Chromosome rearrangements in E. nutans were first reported from the analysis of chromosome pairing in intraspecific hybrids (Lu, 1993). This revealed an increased number of multivalents at metaetaphase Ⅰ and the presence of chromatid bridges and fragments at anaetaphase Ⅰ, and suggested that chromosome rearrangements such as inversions or translocations occurred in different populations. A high frequency of karyotype variation has been observed in a domesticated population of E. nutans using sequential FISH and GISH (Dou et al., 2009). Four types of translocation were well characterized, and many chromosome variations due to repeat amplifications or deletions were detected. This suggested that possible sib-crossing or selection pressure might be responsible for the karyotype variation in this population.

Chromosome rearrangements have played an important role in the evolution and intraspecific diversity of polyploid Triticeae species. Intraspecific diversity accompanied by chromosomal aberrations and translocations were reported in both Triticum araraticum Jakubz. and T. dicoccoides Korn (Kawahara, 1986; Badaeva et al., 1994, 1995). Karyotype Ⅴariants and translocations were detected in 104 of 185 accessions in T. araraticum by C-banding, and karyotype variation diversity varied by geographical region. Each geographical region contained a unique spectrum of translocations (Badaeva et al., 1994). A high frequency of inter-genomic translocations was reported in the Triticeae species Kengyilia thoroldiana (Keng) J.L.Yang et al. (Wang et al., 2012), and in the Elymus tangutorum (Nevski) Hand.-Mazz (Yang et al., 2015). Species-specific chromosome arrangements have been detected in polyploid species of Triticeae (Liu et al., 1992; Jiang and Gill, 1994). Nucleocytoplasmic interaction (NCI) has been proposed to explain how chromosome rearrangement plays an important role in restoring fertility and nucleo-cytoplasmic compatibility, resulting in the genetic stabilization of newly formed hybrids and polyploids (Gill, 1991; Jiang and Gill, 1994). Furthermore, karyotype variations were reported in recently resynthesized and naturally formed allopolyploid species (Xiong et al., 2011; Chester et al., 2012), and in natural hybrids produced by polyploid homoploid hybridization (Lipman et al., 2013).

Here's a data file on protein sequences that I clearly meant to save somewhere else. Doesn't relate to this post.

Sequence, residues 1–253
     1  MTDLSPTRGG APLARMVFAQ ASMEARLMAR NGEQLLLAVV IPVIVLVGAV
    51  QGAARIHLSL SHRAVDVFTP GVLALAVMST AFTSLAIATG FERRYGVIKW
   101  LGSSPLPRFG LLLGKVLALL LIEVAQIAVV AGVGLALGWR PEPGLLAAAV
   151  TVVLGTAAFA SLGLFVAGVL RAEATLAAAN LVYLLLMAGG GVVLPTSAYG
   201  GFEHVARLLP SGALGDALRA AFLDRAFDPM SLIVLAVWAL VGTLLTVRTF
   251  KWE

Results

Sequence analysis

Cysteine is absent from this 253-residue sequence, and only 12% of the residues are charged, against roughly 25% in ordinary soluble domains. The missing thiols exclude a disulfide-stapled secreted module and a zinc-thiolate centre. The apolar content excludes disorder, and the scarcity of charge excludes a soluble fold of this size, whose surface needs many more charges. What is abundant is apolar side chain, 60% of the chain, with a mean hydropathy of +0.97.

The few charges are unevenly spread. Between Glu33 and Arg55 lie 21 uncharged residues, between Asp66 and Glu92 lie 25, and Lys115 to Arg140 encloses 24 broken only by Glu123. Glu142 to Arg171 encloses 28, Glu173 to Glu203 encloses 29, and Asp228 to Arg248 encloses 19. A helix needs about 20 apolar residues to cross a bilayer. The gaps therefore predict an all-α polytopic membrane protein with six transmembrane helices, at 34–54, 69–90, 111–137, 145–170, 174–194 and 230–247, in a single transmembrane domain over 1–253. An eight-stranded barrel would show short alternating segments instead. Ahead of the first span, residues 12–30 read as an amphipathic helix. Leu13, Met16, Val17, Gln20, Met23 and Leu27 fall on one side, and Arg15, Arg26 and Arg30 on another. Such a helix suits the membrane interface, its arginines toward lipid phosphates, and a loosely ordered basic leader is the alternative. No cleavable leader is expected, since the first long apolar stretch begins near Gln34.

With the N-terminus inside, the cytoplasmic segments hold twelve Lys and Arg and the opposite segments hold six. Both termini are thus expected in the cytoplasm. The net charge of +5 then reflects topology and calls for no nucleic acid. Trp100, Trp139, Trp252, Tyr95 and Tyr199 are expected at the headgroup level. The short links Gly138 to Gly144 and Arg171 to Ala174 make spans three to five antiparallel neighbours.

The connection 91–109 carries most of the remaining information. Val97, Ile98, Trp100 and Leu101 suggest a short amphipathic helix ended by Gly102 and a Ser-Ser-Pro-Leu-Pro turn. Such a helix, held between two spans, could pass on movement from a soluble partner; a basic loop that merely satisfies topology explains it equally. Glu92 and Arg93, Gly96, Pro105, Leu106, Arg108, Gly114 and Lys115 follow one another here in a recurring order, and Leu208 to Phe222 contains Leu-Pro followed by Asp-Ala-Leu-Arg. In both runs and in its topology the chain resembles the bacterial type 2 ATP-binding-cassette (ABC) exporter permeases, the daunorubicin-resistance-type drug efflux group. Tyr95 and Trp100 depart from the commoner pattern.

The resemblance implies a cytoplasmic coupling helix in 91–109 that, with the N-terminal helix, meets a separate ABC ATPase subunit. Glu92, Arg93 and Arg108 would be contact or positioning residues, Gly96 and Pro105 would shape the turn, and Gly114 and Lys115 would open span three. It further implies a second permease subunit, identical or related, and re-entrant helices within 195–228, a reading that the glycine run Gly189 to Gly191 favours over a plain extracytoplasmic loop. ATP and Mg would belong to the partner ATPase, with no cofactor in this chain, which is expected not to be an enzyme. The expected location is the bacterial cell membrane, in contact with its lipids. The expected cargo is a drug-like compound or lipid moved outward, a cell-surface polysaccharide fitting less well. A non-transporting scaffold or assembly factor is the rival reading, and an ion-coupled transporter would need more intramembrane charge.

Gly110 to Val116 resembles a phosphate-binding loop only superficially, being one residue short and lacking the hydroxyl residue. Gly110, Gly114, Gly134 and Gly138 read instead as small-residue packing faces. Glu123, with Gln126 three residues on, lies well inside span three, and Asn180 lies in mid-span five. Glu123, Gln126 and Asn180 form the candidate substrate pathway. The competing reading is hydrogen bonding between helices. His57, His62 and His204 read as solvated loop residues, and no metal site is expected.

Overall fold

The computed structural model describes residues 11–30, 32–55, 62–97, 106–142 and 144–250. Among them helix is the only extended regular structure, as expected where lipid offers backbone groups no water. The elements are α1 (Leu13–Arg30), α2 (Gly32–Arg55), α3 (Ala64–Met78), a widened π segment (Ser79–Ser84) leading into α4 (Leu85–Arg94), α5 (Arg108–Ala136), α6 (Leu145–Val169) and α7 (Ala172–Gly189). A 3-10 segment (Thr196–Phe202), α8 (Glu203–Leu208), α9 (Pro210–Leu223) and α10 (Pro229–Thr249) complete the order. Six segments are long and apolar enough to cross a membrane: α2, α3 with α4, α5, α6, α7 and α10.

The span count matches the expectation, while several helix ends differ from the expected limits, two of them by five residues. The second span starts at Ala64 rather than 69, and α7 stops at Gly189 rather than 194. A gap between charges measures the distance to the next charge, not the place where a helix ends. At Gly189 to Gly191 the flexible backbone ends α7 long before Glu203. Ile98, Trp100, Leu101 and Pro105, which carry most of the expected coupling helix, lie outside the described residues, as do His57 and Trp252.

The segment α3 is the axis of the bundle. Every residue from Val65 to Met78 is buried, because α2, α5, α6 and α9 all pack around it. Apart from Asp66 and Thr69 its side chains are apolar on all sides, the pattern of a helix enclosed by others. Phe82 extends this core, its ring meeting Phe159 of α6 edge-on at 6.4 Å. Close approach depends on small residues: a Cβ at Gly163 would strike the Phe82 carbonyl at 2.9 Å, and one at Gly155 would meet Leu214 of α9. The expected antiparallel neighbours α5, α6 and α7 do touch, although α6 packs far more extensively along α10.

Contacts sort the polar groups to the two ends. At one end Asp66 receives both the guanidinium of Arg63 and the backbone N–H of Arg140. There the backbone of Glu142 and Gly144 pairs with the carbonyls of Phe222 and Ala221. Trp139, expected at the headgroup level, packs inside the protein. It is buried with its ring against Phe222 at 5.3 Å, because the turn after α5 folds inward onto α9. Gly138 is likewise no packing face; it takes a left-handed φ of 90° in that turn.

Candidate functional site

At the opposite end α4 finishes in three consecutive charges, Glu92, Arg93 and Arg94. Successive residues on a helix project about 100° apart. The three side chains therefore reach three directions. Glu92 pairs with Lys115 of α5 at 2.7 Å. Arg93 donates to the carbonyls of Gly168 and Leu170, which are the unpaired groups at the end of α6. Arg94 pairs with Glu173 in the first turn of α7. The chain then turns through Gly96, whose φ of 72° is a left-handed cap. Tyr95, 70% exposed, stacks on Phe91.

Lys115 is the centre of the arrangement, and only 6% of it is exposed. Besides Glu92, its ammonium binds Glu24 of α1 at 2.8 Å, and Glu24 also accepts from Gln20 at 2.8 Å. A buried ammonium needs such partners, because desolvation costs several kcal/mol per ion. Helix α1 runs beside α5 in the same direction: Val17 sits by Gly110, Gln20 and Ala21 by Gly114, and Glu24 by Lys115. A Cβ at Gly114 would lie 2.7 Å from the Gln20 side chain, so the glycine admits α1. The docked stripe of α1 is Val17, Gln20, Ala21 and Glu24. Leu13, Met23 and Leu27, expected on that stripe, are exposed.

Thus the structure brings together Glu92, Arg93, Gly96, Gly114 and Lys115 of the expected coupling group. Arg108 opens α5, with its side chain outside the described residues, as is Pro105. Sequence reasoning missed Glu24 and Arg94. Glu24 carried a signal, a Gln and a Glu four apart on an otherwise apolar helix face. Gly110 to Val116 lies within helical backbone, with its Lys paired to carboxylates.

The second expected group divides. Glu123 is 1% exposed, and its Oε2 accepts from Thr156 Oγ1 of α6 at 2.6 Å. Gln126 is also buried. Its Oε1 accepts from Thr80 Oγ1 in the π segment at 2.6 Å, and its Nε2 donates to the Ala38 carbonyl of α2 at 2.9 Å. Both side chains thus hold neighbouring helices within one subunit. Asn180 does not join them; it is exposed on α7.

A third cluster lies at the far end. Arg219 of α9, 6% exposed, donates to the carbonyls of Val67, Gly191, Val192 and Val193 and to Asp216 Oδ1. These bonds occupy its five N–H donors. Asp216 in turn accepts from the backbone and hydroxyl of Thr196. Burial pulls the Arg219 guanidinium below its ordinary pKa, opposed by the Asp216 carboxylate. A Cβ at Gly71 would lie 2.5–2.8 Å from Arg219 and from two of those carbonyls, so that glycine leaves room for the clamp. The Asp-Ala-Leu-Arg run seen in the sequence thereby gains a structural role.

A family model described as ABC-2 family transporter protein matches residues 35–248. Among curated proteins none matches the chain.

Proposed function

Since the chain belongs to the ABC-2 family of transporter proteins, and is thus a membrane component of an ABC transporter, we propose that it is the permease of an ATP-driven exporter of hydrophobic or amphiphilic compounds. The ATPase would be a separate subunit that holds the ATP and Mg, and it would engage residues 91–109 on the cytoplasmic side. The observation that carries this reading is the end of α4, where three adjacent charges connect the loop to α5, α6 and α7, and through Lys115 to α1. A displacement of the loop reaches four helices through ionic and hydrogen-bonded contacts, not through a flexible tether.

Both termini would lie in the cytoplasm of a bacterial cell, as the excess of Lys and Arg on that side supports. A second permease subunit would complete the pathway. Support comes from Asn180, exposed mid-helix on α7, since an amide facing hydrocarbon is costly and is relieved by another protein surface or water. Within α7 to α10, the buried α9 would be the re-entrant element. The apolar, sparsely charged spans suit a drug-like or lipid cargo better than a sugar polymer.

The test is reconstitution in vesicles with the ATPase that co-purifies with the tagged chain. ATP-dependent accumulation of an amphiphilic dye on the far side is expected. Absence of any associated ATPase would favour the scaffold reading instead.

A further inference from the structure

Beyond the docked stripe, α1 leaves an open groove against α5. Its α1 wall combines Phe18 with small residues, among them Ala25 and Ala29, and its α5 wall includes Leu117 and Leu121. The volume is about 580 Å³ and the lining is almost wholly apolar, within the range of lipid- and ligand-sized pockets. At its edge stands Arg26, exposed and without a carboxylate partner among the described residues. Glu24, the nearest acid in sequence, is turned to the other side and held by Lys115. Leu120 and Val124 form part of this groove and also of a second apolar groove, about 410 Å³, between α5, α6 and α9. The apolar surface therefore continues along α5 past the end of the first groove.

Fluorescence in situ hybridization (FISH) signals derived from a single repetitive DNA probe or a cocktail containing several DNA probes can provide a hybridization pattern that allows identification of all chromosomes within a species (Jiang and Gill, 2006). Genomic in situ hybridization (GISH) using the total genomic DNA of an analyzer (a species with a known genome) has been used to reveal the presence or absence of the analyzer genome in polyploid species (Ørgaard and Heslop-Harrison, 1994). Using FISH and GISH sequentially on the same cell allows for the identification of chromosomes by FISH patterns as well as the simultaneous allocation of the identified chromosomes to a certain genome in an allopolyploid species (Dou et al., 2009, 2011; 2012, 2013).